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Edward Snowden’s release of classified NSA documents exposed the widespread government practice of mass surveillance in a democratic society. The publication of these documents, facilitated by three journalists, as well as efforts to criminalize the act of being a whistleblower or source, signaled a new era in the coverage of national security reporting. The contributors to Journalism After Snowden analyze the implications of the Snowden affair for journalism and the future role of the profession as a watchdog for the public good. Integrating discussions of media, law, surveillance, technology, and national security, the book offers a timely and much-needed assessment of the promises and perils for journalism in the digital age. Journalism After Snowden is an essential read for citizens, journalists, and academics in search of perspective on the need for and threats to investigative journalism in an age of heightened surveillance. The book features contributions from key players in the initial reporting of the NSA files, including former editor-in-chief of The Guardian, Alan Rusbridger; ex-New York Times executive editor Jill Abramson; legal scholar and journalist Glenn Greenwald; and Edward Snowden. Other contributors include dean of Columbia Graduate School of Journalism Steve Coll, Internet and society scholar Clay Shirky, legal scholar Cass Sunstein, and journalist Julia Angwin. Topics discussed include the protection of sources, digital security practices, the legal rights of journalists, access to classified data, interpreting journalistic privilege in the digital age, and understanding the impact of the Internet and telecommunications policy on journalism. The anthology’s interdisciplinary nature provides a comprehensive overview and understanding of how society can protect the press and ensure the free flow of information.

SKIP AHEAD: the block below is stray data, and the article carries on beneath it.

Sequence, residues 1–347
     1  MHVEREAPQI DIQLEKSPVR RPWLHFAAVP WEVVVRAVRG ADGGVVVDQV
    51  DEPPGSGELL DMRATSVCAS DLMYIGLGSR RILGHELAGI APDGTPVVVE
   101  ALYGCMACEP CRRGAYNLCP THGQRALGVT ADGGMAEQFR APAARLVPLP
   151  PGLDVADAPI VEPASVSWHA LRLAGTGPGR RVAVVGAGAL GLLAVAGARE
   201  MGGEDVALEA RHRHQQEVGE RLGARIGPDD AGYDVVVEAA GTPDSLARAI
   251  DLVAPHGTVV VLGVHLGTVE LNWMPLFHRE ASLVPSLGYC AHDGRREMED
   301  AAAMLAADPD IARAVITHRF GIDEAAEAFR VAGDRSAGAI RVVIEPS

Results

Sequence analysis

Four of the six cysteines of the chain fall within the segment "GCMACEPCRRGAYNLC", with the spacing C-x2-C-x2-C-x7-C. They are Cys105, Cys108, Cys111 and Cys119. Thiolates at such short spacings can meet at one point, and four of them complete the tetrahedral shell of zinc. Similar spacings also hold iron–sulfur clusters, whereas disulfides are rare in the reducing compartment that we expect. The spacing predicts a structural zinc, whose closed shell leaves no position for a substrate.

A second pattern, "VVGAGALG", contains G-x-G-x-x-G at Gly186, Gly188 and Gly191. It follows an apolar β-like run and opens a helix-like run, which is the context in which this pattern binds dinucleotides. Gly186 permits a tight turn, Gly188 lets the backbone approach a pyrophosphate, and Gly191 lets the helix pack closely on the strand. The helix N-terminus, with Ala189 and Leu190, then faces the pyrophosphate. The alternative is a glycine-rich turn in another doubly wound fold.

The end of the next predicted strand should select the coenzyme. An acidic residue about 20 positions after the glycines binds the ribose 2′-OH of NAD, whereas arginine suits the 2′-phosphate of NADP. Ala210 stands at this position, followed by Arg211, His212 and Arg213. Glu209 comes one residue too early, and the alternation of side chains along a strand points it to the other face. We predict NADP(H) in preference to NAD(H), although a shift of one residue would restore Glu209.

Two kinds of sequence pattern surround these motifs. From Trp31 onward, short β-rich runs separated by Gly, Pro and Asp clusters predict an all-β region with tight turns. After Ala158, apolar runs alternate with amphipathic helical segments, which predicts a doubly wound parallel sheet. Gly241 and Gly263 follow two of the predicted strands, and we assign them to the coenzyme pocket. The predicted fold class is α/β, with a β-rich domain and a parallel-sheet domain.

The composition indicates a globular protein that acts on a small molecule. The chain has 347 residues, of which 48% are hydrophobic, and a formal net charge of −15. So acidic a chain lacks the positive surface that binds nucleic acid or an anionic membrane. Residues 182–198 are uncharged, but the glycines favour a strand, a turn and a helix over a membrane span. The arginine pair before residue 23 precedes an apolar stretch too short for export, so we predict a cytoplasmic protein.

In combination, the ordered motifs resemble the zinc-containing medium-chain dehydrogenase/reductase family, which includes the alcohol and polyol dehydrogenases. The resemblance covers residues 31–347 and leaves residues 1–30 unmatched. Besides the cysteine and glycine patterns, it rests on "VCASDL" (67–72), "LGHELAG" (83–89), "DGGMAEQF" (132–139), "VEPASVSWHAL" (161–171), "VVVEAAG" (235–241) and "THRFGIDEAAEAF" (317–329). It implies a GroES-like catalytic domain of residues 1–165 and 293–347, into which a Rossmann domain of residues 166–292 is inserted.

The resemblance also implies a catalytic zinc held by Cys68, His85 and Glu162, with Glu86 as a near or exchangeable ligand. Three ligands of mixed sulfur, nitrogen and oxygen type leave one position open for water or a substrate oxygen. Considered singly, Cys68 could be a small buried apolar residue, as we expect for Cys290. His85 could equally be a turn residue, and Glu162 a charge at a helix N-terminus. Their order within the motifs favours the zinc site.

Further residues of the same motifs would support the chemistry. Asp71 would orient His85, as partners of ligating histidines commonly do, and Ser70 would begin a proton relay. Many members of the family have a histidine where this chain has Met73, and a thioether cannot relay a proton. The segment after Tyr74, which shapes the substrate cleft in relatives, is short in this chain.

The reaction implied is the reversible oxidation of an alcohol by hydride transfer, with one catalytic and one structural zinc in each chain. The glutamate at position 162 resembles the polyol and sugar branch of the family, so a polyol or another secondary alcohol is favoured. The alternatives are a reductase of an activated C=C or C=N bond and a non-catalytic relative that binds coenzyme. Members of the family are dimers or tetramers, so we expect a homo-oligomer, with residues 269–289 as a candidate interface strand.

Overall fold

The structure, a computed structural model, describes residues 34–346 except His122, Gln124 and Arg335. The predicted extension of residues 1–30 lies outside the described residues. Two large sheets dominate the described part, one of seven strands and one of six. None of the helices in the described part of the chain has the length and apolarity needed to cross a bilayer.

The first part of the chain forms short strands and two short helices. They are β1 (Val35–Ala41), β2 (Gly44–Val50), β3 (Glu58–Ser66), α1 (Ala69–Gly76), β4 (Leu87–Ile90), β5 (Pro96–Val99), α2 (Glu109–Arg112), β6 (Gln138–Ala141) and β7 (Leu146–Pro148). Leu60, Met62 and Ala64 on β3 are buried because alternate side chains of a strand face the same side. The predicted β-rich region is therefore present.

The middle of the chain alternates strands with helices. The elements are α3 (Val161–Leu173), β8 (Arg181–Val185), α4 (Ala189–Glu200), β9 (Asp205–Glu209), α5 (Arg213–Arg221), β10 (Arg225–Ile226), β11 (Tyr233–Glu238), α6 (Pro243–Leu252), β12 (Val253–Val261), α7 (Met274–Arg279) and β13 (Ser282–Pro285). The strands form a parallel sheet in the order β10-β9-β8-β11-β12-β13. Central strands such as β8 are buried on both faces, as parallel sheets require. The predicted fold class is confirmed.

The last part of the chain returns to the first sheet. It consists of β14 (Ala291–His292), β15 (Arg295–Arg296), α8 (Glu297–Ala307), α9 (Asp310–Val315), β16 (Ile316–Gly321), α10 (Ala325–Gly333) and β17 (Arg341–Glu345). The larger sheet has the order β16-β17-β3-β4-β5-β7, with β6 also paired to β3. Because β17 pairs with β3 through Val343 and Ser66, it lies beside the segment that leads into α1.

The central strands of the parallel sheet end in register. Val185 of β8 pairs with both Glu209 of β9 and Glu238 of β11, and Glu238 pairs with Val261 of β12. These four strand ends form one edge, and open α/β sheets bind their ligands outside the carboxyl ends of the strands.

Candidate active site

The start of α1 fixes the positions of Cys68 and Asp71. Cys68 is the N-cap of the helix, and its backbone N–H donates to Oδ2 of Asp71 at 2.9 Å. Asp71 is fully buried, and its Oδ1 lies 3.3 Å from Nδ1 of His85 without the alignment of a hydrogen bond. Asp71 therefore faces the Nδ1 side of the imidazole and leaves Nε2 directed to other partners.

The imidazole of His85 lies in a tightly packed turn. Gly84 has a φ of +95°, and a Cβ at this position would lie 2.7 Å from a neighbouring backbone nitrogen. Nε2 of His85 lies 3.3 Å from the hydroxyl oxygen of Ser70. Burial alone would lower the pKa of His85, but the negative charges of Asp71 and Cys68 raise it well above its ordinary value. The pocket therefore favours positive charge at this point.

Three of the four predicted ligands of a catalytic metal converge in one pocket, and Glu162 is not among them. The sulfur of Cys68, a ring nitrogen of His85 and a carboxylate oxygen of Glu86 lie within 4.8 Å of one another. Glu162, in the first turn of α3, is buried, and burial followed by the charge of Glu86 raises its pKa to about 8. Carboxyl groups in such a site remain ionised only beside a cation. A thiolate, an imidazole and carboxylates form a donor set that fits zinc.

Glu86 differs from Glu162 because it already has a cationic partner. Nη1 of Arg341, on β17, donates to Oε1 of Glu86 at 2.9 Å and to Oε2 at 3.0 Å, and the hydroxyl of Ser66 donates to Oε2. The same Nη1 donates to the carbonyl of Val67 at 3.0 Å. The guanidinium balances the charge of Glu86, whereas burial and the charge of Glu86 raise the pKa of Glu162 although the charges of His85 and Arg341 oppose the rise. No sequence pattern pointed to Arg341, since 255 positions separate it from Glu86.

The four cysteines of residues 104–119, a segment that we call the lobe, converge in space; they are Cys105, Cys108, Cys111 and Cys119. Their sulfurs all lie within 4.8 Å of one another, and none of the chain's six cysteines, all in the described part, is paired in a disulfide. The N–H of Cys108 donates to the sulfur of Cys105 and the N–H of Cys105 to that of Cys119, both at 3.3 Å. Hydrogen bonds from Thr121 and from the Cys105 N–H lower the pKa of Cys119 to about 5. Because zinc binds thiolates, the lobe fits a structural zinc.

Bit by Bit

Bit by Bit Author Matthew J. Salganik
ISBN-10 9781400888184
Release 2017-11-27
Pages 448
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An innovative and accessible guide to doing social research in the digital age In just the past several years, we have witnessed the birth and rapid spread of social media, mobile phones, and numerous other digital marvels. In addition to changing how we live, these tools enable us to collect and process data about human behavior on a scale never before imaginable, offering entirely new approaches to core questions about social behavior. Bit by Bit is the key to unlocking these powerful methods—a landmark book that will fundamentally change how the next generation of social scientists and data scientists explores the world around us. Bit by Bit is the essential guide to mastering the key principles of doing social research in this fast-evolving digital age. In this comprehensive yet accessible book, Matthew Salganik explains how the digital revolution is transforming how social scientists observe behavior, ask questions, run experiments, and engage in mass collaborations. He provides a wealth of real-world examples throughout and also lays out a principles-based approach to handling ethical challenges. Bit by Bit is an invaluable resource for social scientists who want to harness the research potential of big data and a must-read for data scientists interested in applying the lessons of social science to tomorrow’s technologies. Illustrates important ideas with examples of outstanding research Combines ideas from social science and data science in an accessible style and without jargon Goes beyond the analysis of “found” data to discuss the collection of “designed” data such as surveys, experiments, and mass collaboration Features an entire chapter on ethics Includes extensive suggestions for further reading and activities for the classroom or self-study